Vesinia Maka and Damian Piilua are the Chair and Deputy Chair, of the Auckland Youth Advisory Panel. I had the privilege of finding out some more about the panel and the work that they and the 19 other members do.
The panel is made up of 21 youth from across Auckland, representing a different local board area. With representatives from Rodney right down to Franklin, thinking and advocating on the issues that face youth.
An Aotearoa Youth Declaration Focus Group visiting the Auckland Youth Advisory Panel on Outreach in 2018
What is the Youth Advisory Panel and your role on the panel?
Our primary role is to provide feedback to the Auckland Council on issues we identify as a panel. These issues we identify become our work program! Which for this term is environment and sustainability, transport and accessibility, affordable housing and homelessness, youth engagement and civic participation. In addition to that, we are trying to make connections with our local young people through our local boards and youth voice groups to get more of a local implication of regionalpolicy. And as the leadership team, our role is to really develop a work programme that co-aligns with the members of the panel and enforce the priorities that we have listed for the panel this term.
How important do you see the panel to be in regards to a youth voice in Auckland
Vesinia: The Youth Advisory Panel is an opportunity to ensure that the voices of young people are included in the decision-making of Tamaki Makaurau. It allows transparency in issues that affect a large proportion of young people such as, transport, homelessness and housing. It is incredibly important that we are providing a youth voice for young Aucklanders.
Damian: I see the panel as abig step towards greater civics participation from the youth demographic in Auckland. Part of our greater vision for the panel is for us is to have young people in Auckland understand local government and the impact of their decisions in our everyday lives.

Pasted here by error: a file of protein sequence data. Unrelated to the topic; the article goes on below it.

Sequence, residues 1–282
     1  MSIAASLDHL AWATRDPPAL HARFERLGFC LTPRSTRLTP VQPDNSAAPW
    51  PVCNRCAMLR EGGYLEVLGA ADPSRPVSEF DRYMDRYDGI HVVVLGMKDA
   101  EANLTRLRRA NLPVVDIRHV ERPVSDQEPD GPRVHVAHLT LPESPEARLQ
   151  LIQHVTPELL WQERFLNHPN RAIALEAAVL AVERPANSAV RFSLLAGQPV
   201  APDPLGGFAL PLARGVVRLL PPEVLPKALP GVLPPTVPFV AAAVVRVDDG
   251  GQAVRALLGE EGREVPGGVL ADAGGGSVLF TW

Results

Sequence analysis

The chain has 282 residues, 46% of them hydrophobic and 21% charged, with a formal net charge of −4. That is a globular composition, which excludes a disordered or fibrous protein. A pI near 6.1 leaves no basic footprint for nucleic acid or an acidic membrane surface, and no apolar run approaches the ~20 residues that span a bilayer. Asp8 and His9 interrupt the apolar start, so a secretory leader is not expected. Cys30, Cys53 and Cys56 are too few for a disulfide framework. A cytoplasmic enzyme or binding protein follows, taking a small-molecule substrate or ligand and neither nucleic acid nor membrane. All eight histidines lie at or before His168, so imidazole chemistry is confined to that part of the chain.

Do you think the panel works to reduce the stigma that youth aren’t interested in Politics?
Vesinia: It is a slow process of reducing the stigma of youth becoming uninterested in Politics. As a new panel, it’s important that we increase our engagement with the wider youth, both on a local and regional level. However, with many of our panel members having strong relationships in their local youth groups, it has allowed engagement in regards to consultations of issues that matter to young people. So, in regards to reducing the stigma of youth becoming uninterested in Politics; I think it’s a slow progress. However, by having amazing members on this panel, it’s allowed for accountability when many organisations and departments are interested in our opinions.
Why do you think that a large proportion of high school students do not care about politics and deem it to be unimportant or irrelevant to their lives?
Damian: This is such a weighted question with viewpoints from different sectors I think. In part, I believe this question has to do with the curriculum in schools not reflecting the importance, and influence of local and central government decisions in our daily lives. I also think that it has to do with the media surrounding what politics is displayed. For many young people (myself included) we associate politics with the Beehive, parties that are not fun, screaming matches with Marama Fox vs. The world, and are showcasing decisions made by the government negatively. So for a school student with 6 subjects, a smartphone, 7 social media sites and drama with real-life impacts, politics may not be a high priority.
Is the political landscape inhospitable to those under 18, making it unappealing to young New Zealanders?
Damian: I feel yes, and no. I think the political landscape isn’t inhospitable, it is unfamiliar. There’s a difference. There is a growing number of millennials in NZ and it’s an untapped demographic that politics is recognising as an important opinion to have in future planning for policies and strategic plans. However, the engagement between politics is what makes it unappealing to young people. From the tables, I’ve sat around where 40+-year-olds sit, plan and design visuals for marketing purposes for young people It makes things it very apparent how out of touch the government is with young people. Politics operates in an almost mechanic way regionally, so it’s hard for young people to break the glass ceiling, be taken seriously and not be treated as the token demographic tick box.
Overall, we think we all have a role to play. From the campaigns of candidates to youth councils in local areas to the individual’s semi-versed in the world that is politics. We all have a responsibility to encourage those around us to be apart of conversations that impact a majority of our lives in one way or another. Politics is something that is complicated in itself and for many young people, they are still trying to understand what politics really is. Basic knowledge and information such as how to vote, the role of local boards and what mandate local boards have, are simple things that are vital when providing young people with the resources to actively participate and thrive in local decision making.
By Julia Caulfield